1st Sunday of Lent


Genesis 2:7-9,3:1-7
Romans 5:12-19
Matthew 4:1-11


Artworks depicting today’s gospel seem to fall into two groups. Jesus looking out onto a landscape, and beside him, a large black creature, similar to a man but with large bat like wings. In some, one of the creature’s arms wraps around Jesus’ shoulder, the other pointing out into the distance. A shonky salesman promising more and a set of steak knives. The other group of artworks have Jesus all alone, usually sitting, but perhaps crumbled is a better word—desolation on his face and desolation in the landscape around him.

After the exultation of his baptism and being identified as the Son of God- the Beloved, Jesus has been led by the Spirit to this challenge, a very human thing, to wrestle with his inner demons. The community of Matthew would have understood Satan as an illusory obstacle, a temptation that gets in the way of living a life of faithfulness to God and helping to make the world a better place.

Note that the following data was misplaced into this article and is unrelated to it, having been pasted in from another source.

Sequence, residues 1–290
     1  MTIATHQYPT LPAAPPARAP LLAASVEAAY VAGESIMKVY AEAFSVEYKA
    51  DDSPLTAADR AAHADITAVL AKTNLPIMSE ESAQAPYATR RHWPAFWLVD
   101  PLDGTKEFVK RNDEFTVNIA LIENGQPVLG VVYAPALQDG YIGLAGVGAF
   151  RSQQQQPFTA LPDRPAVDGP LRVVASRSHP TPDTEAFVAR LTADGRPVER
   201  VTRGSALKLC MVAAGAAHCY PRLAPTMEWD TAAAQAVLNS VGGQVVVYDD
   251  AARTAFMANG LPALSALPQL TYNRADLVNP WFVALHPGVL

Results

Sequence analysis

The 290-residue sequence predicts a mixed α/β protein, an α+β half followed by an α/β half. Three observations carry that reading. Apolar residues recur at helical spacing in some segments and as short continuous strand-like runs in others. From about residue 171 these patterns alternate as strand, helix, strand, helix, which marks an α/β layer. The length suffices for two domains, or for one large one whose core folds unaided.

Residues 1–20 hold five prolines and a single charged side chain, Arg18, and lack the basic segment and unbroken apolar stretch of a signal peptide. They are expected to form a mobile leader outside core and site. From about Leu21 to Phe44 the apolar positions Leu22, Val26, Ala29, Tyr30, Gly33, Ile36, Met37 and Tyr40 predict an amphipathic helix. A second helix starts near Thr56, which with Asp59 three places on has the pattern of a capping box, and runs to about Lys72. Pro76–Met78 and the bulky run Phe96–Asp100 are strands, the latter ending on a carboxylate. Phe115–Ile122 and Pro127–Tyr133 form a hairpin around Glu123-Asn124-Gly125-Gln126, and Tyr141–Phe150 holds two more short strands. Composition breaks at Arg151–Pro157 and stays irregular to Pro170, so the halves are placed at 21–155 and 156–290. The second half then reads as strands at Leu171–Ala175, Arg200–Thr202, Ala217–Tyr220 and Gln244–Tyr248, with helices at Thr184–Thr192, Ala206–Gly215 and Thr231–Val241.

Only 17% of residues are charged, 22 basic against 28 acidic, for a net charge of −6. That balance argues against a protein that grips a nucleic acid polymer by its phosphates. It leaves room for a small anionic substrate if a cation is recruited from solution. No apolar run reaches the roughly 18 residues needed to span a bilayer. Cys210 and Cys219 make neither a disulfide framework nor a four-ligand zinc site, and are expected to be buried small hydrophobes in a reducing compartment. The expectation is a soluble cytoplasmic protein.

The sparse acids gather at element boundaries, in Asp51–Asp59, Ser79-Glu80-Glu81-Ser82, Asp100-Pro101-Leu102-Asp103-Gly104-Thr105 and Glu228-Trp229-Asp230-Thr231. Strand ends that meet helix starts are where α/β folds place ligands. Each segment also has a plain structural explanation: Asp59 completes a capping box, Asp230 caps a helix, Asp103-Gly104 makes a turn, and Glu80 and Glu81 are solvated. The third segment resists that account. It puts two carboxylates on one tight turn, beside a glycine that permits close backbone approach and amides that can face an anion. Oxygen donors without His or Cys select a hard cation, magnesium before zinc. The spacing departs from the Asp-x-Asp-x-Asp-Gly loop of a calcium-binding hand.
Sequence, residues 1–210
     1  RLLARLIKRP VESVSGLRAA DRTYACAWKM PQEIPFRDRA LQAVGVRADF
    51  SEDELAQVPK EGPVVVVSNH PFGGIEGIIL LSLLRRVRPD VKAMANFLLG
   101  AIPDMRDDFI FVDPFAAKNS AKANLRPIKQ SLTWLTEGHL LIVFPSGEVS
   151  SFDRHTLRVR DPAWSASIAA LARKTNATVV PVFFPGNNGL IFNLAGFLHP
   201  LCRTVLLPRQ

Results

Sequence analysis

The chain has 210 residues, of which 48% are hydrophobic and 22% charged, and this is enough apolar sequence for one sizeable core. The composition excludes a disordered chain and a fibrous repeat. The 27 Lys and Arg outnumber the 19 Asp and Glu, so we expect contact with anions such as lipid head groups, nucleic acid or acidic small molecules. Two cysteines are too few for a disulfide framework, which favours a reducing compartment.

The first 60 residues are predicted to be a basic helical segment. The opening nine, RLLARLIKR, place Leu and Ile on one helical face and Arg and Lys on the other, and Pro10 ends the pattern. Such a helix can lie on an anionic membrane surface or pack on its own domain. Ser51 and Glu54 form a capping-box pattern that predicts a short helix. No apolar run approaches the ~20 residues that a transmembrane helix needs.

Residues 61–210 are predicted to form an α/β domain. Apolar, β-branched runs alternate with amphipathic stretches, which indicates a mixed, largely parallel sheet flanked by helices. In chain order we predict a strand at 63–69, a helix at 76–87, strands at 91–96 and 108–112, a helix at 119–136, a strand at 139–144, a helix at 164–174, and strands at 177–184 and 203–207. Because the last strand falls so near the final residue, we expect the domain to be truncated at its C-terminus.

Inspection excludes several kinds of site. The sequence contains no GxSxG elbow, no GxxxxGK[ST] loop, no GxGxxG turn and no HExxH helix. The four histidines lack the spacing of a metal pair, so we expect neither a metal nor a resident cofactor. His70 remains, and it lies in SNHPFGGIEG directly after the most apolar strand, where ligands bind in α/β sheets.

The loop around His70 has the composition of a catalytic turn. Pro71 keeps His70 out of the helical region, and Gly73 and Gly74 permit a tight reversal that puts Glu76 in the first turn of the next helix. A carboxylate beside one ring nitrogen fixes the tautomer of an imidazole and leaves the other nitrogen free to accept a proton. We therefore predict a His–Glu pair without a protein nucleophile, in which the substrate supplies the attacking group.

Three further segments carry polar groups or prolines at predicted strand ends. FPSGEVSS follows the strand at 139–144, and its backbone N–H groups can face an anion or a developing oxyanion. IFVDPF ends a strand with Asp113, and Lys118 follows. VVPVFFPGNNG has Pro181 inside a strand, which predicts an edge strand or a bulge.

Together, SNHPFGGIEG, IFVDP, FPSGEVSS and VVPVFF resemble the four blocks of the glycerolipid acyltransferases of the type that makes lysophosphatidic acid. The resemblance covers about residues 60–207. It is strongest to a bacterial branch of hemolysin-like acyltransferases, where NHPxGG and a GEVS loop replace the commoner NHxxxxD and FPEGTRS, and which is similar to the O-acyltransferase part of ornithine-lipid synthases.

Jesus is offered or is aware that he can have wealth, power and position. Most of us would see these as desirable things and, in some ways, necessary in the world. Wealth can be used to help others. Power and position can also lead to widespread positive outcomes if used for others, not over others. Used incorrectly, wealth, power and position become pride, greed and selfishness. This is what Jesus is grabbling with, the tempter/devil/Satan drawing him away from a life of faithfulness and creation of the Kingdom, away from a life of humility, sacrifice and selflessness. Jesus is discerning between the good and evil spirits within, and it is only when he has wrestled with the questions of how he wants to live his life that he has the peace of the angels, the good spirits. His answers to each temptation are rooted in the tradition he knows and loves and in his own identity.

Lent is a time of discernment for us all. What sort of life do we want to live? One that is only about ourselves and what we can accumulate? Or one that is orientated towards ‘other’ and what we can give?

Alison Gore is a parishioner at St Paul of the Cross, Glen Osmond. She works in education and formation.